Sitting, waiting, wondering if he would pick me.
"Julie," CoachMorrow called.
That was it. I wasn't picked. Not this time, I thought tomyself as I watched my best friend run out onto the soccerfield.
"Julie, do you have your school insurance?" hehollered.
"No," she hollered back.
"Sorry, you can'tplay without it." Julie ran back on to the sidelines,disappointed.
These pre-season scrimmages were important not just to getus in shape, but for coaches to see us for the first time, and get an idea ofwhich team to assign us to.
"Sarah" I put my head upquickly.
"Yes," I said, hoping.
I ran to my position on the field. I was always on the leftwing, against the best forward, the best player on the team.
He told us togo and we did. Each time the ball would move from person to person, my body woulduncontrollably follow. At times not realizing where I was, still aware of mysurroundings, of people moving toward me.
The teams weren't really fair.Varsity girls on one and JV girls on the other. The ball seemed to stay down atmy end of the field, no matter how hard we all tried. They had four pointsagainst us, we had none. We weren't being aggressive, the defense, myselfincluded.
I looked around, Jennifer was coming down the field, closer andcloser, through the last line, whizzing past Alison. I was there waiting.Jennifer wasn't going to get past me.
I started running, running at her. Iwas ready to take the ball. It was spontaneous. I truly didn't know what I wasdoing or what I would do if I got the ball, just that I had to.
I wasthere just a step ahead and the ball would finally be mine! BANG! Our two bodiescollided. Mine was on the ground rolling in pain. Jennifer ran on to score agoal. Nothing was real. Nothing except the pain. Bodies surrounded me and CoachMorrow ran over. My ankle felt disconnected. I was too afraid to look. Mrs.Wilder, the assistant coach, came over. I got up slowly, clinging to theirshoulders as I hobbled to the sidelines. I lay flat on the ground, crying, mybody shaking.
A women EMT who had been watching us came over. She lookeddown at ankle then held my hand and talked to me. I don't even remember what wetalked about. I still cried, but she made me feel safe.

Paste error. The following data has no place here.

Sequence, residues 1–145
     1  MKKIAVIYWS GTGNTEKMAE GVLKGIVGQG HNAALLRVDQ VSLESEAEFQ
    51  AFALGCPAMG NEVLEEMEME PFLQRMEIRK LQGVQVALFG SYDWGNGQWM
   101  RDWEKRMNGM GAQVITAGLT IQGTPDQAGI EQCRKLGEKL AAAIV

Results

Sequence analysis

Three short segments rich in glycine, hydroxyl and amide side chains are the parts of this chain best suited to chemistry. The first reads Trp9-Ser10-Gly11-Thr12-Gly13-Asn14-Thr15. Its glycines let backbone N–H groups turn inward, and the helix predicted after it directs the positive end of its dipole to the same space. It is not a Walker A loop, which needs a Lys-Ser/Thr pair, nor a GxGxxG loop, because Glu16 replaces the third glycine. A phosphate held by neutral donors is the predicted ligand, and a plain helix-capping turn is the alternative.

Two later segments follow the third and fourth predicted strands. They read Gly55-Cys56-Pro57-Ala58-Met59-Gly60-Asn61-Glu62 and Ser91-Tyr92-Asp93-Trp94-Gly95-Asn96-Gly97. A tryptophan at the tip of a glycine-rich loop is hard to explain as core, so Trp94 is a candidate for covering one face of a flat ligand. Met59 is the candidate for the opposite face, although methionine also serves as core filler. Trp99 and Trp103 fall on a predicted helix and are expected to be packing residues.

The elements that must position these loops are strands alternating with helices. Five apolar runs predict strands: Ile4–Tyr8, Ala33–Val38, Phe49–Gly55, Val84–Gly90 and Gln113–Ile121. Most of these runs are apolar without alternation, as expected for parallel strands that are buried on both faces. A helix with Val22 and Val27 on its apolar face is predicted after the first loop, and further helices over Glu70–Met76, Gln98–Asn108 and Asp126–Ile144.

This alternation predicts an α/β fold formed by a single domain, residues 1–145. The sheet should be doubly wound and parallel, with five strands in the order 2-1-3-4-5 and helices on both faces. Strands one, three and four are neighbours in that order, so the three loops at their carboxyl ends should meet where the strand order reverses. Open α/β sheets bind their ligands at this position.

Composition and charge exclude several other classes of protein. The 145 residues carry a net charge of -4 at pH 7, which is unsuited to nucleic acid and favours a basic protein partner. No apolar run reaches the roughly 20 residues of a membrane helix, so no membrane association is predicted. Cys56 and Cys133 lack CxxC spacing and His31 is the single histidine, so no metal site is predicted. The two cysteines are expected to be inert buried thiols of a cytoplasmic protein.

The school nursecame running down the field. She also looked at the ankle. "Why wasn't thereany ice down here?" she asked, looking up from my ankle.
"I amsorry," I responded. She smiled and looked down at me.
"It isn'tyour fault, don't worry," she said wiping away my tears. Mrs. Wilder stoodover me.
"We can put her in the back of my station wagon," shesuggested. There were a mass of questions about telephone numbers and whathospital to go to. Coach Morrow and another women bent down and I was lifted tothe car.
"Thank you so much," I said through tears to the EMT. Iwouldn't see her again. She smiled and the nurse came in and closed the trunkdoor. Mrs. Wilder drove. The nurse and I talked. She was very nice andunderstanding.
We drove right to the Emergency Room. Two nurses helped meonto a stretcher. My ankle was so swollen they had to cut off my sock andshin-guard. They were as gentle as they could be. The two nurses wheeled me intoa room right in front of the main desk. I lay there scared and in pain. The nursecame over with a needle. Jab! Right into my arm. The doctor soon came over andasked me to tell him when it hurt. Of course everything hurt. My pediatriciancame. Coach Morrow came, smelling of cigar smoke. The doctor put me in a splintand I cried in agony. My mouth was getting drier and drier.
As I laywaiting for my x-ray, I was calming down. I didn't think about anything exceptgetting home. Crutches in hand I was loaded back into the car. Mr. Morrowfollowed and we all limped into my house. I laid down on my couch with fourpillows elevating my ankle.
The next day I went to the orthopedist.Fortunately, nothing was broken. The doctor told me a cast would be the wisestthing. For me, that meant crutches on the first day of school. When I was told"No soccer," my heart sunk. All summer I had worked hard to showeveryone I could play.
But this happened for a reason. I went to schoolthe first day sweating and almost ready to cry. When the cast came off, I wore abrace and had physical therapy. Nothing can prepare you for what will happen inlife.
I looked around me at all the people walking, running, doing thethings I wasn't able to do. I finally appreciated something I had always takenfor granted. To be able to walk was the happiest moment. And because of this Ican say I work harder, because I now know that it can all be taken away in aminute. t
This piece has been published in Teen Ink’s monthly print magazine.